14. What are epiphytes?  Epiphytes are plants that anchor themselves to forest tree trunks and branches where they catch falling water and tree litter.  They are not parasites which take nutrients from the plants that support them.  Note their distribution and density in the montana.   Epiphytes occur in high density in the montana.  Regularly, they completely cover a tree's branches and trunk.  

15. In what form do cloud forests get their water?  Cloud forests strip moisture from the clouds that the Trade Winds blow across them.  Bates says that these forests receive water in the gaseous state as water vapor.  That is partially true.  However, the moisture that cloud forests also strip out of clouds is primarily in the liquid state.

16. Why does Carr state that epiphytes are the "dominant plants of the cloud forest"?  Because of their ability at harvesting moisture and because of the how they cover so much of the trunks and branches of trees.

17. What feature of the cloud forest did Carr find to be "striking"? The lack of animals. Why? He figured that such a lush environment would support many species of wildlife.

18.  What is a bromeliad?  "epiphytic water-storing plant of the pineapple family"

19.  Why would a herpetologist be disappointed in the montana? This environment has few species of snakes, salamanders, frogs, lizards...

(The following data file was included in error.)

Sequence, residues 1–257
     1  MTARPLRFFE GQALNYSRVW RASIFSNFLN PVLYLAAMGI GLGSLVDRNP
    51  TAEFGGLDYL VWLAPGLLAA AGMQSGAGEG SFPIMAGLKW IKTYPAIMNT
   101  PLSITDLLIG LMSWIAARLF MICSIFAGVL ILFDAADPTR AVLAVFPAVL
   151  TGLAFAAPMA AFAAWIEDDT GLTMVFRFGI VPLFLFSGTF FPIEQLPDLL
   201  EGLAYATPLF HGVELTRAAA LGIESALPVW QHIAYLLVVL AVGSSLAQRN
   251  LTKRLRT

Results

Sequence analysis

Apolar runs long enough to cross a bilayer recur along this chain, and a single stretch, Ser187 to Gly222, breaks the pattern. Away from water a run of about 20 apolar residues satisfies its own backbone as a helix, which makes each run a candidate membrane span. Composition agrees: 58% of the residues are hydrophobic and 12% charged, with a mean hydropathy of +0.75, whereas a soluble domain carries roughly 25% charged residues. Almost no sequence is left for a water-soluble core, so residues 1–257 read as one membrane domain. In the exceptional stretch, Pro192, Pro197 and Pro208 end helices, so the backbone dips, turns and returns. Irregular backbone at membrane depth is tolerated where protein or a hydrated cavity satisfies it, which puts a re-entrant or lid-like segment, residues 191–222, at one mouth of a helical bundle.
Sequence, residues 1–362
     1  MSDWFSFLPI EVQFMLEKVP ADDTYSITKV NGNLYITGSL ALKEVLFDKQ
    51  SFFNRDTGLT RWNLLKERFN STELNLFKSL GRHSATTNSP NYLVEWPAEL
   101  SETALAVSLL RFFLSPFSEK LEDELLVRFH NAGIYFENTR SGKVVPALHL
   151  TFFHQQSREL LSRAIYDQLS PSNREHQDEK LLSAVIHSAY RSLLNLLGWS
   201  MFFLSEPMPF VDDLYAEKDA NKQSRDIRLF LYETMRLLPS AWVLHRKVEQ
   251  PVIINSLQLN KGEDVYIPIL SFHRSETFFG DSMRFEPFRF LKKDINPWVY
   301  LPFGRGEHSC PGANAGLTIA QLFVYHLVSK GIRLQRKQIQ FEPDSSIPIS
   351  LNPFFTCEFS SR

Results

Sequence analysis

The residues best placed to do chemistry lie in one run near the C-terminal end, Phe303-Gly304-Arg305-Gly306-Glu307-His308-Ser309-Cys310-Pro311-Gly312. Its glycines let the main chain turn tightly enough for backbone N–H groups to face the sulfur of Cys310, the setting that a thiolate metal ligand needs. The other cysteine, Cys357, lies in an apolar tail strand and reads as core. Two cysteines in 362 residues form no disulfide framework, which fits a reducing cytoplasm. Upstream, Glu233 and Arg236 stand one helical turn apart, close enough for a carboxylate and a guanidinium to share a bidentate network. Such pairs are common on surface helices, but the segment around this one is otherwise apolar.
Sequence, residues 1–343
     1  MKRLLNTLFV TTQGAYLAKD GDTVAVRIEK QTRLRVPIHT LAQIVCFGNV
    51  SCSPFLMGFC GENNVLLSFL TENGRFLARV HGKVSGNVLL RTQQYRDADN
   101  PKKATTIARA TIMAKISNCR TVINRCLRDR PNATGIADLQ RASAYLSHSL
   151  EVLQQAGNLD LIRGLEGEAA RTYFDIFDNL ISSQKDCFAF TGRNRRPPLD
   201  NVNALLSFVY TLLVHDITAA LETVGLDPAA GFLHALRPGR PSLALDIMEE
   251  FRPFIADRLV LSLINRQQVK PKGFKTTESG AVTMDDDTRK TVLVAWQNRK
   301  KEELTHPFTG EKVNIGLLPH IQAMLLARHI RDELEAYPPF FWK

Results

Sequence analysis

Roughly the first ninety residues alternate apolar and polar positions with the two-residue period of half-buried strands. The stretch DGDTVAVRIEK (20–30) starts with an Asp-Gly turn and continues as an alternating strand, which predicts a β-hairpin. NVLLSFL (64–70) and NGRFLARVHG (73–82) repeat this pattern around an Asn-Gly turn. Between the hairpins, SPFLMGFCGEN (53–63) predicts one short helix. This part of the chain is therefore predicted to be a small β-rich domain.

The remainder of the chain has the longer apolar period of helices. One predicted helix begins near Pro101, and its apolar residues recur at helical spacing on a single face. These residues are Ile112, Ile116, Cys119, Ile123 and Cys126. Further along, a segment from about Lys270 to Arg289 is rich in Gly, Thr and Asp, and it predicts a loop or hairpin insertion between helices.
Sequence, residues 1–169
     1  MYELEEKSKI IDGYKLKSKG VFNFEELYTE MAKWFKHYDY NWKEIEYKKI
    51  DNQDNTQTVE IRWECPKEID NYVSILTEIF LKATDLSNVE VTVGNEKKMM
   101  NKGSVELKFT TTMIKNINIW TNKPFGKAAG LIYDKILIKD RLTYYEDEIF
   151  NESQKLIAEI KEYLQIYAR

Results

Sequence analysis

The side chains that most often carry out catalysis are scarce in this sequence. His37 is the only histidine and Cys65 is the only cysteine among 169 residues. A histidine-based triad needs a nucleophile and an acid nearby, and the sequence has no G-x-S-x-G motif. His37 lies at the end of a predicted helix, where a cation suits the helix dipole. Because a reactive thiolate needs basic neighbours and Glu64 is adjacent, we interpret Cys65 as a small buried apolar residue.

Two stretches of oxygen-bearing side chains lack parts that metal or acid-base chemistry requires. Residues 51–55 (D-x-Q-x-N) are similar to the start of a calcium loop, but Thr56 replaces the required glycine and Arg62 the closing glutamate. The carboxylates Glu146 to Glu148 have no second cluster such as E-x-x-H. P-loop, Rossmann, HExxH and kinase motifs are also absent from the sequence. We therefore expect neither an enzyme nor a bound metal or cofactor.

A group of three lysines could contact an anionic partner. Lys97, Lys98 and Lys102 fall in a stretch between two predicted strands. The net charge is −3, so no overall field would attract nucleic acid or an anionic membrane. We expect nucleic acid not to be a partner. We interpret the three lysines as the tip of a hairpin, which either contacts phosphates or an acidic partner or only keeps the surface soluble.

21. How does Carr explain the "infrequent occurrence" of the quetzal?  What is the role of topography and human activities in this?  Quetzals are non-migratory inhabitants of the tropical montane forests.  Carr suggests that require a "continuous supply of small fruits".  Tropical montane forests, however, exist as widely spaced islands of forest rather than as continuous forests.  Carr thought that some forest islands were not large enough to supply enough food for quetzals. Increasing clearance of forests by humans further restricts quetzals too limited patches of forest.

Skim p. 11 to p. 16.

21. 21. Here are a couple of good sites about the quetzal.




22. With what evidence does Carr base his claim that quetzals are "prisoners"? Quetzals do not migrate.  They are stuck in their forest patches.

23. How do clearance of forest for agriculture, blackberry tangles and peccaries explain the presence or absence of tamagas?  Humans clear forest for agriculture.  After a few years they fallow the land and blackberry tangles colonize the former milpa.  Peccaries are attracted to such environments for food and shelter.  If any tamagas are present in the blackberries, or forest nearby, the peccaries will kill them.  Thus, tamagas are more abundant where forests are large and they can exist far away from the fringes where the peccaries roam.

24.  Why do you think Carr called this chapter The Weeping Woods"? Because tropical montane forests in the interior of Central America and southern Mexico are moist year round, even during the dry season.